Has more than 900 days in custody without a trial beaten Pvt. Bradley Manning down, or is he simply conceding to the government a couple of charges everybody already knows is true? According to Manning's lawyer, David Coombs, the Army private facing trial (maybe someday!) for providing thousands of military and diplomatic documents to Wikileaks is asking to plead guilty so some lesser charges. The New York Times explains:
If the judge accepts the unilateral plea and the trial on the other charges goes forward, prosecutors would apparently not need to present evidence of whether Private Manning provided the documents to WikiLeaks. That would mean such a trial would focus more directly on whether the leaking caused significant harm, and whether the charges, including aiding the enemy, fit the underlying facts.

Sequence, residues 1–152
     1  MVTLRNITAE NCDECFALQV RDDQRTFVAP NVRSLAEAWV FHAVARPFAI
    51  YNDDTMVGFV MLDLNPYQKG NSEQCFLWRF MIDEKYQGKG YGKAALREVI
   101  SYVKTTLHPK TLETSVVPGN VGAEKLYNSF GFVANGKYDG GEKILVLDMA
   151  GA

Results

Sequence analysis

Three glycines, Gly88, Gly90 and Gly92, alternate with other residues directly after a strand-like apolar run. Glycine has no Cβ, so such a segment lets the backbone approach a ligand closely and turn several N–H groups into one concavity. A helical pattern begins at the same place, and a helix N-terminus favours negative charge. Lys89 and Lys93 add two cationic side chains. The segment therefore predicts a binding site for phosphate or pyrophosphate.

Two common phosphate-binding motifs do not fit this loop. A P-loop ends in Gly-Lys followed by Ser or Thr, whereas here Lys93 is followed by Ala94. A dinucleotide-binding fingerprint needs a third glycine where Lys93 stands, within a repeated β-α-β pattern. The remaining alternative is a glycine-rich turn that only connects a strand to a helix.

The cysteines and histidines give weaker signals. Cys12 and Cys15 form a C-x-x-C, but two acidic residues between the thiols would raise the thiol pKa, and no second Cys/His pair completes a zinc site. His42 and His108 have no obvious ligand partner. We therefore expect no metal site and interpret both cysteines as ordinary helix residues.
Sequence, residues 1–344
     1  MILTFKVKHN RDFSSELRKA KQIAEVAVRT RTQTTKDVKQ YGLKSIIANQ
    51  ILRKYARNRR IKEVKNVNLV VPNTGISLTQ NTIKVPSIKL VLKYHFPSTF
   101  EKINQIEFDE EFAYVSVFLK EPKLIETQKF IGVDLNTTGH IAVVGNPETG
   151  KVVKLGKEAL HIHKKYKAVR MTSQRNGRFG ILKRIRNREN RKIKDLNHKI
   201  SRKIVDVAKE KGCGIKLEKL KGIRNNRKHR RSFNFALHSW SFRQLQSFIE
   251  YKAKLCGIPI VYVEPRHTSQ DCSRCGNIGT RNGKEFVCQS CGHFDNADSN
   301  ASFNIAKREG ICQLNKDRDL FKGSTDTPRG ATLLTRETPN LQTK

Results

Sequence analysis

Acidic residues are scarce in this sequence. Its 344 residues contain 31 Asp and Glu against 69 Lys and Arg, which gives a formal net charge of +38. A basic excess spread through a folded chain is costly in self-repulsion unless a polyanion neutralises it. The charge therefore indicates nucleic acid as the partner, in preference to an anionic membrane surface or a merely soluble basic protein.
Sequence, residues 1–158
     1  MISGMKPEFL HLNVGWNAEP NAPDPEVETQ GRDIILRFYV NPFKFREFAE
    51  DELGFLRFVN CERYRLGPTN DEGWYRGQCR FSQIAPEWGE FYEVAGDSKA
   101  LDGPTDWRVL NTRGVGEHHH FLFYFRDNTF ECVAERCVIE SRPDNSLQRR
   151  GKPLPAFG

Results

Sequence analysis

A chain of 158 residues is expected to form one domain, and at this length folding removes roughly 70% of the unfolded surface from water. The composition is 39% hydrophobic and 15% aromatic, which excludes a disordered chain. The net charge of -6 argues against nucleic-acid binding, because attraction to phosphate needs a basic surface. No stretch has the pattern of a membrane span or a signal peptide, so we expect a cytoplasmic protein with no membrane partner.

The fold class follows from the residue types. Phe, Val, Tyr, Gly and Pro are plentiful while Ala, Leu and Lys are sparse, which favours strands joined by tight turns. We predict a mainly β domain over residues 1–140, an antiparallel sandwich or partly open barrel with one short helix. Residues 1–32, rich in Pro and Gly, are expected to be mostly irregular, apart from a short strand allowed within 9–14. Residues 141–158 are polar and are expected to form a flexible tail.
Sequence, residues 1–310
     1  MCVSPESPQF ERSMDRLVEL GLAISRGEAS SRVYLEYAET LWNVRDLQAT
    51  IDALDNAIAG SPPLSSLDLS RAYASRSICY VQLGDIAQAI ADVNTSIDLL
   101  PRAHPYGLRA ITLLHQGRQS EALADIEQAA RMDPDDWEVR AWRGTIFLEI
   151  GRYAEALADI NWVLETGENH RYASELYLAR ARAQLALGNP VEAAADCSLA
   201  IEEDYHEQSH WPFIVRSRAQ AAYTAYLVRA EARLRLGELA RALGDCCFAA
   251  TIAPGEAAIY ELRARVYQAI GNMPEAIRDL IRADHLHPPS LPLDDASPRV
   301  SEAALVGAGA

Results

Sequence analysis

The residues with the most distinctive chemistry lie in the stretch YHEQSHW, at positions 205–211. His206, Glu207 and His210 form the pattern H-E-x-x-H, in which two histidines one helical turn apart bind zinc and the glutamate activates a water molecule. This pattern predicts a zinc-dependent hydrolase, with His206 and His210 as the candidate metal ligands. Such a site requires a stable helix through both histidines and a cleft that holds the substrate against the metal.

Coombs' lawyer is firm that Manning is not attempting to submit a plea agreement or a deal. Manning has also requested to be tried by a single military judge rather than a jury. At least one legal expert finds the offer confusing:
Eugene R. Fidell, a military law specialist at Yale Law School who has represented many defendants in courts-martial, said he was "baffled" by the move. He said it was unusual to plead guilty to an action without the benefit of a pretrial agreement to obtain something in return.
Sometimes, Mr. Fidell added, a defendant might hope that such a move would help obtain a more lenient sentence by showing that he was cooperating and saving the government the time and expense of investigating, but in this case the offer has come well after the government already went to that time and expense.
Speaking of the time the government has spent, despite the offer, Coombs is still trying to get the case thrown out for violating Manning's right to a speedy trial. The Bradley Manning Support Network is providing courtroom coverage for those who want to delve deeper into the various pretrial hearings.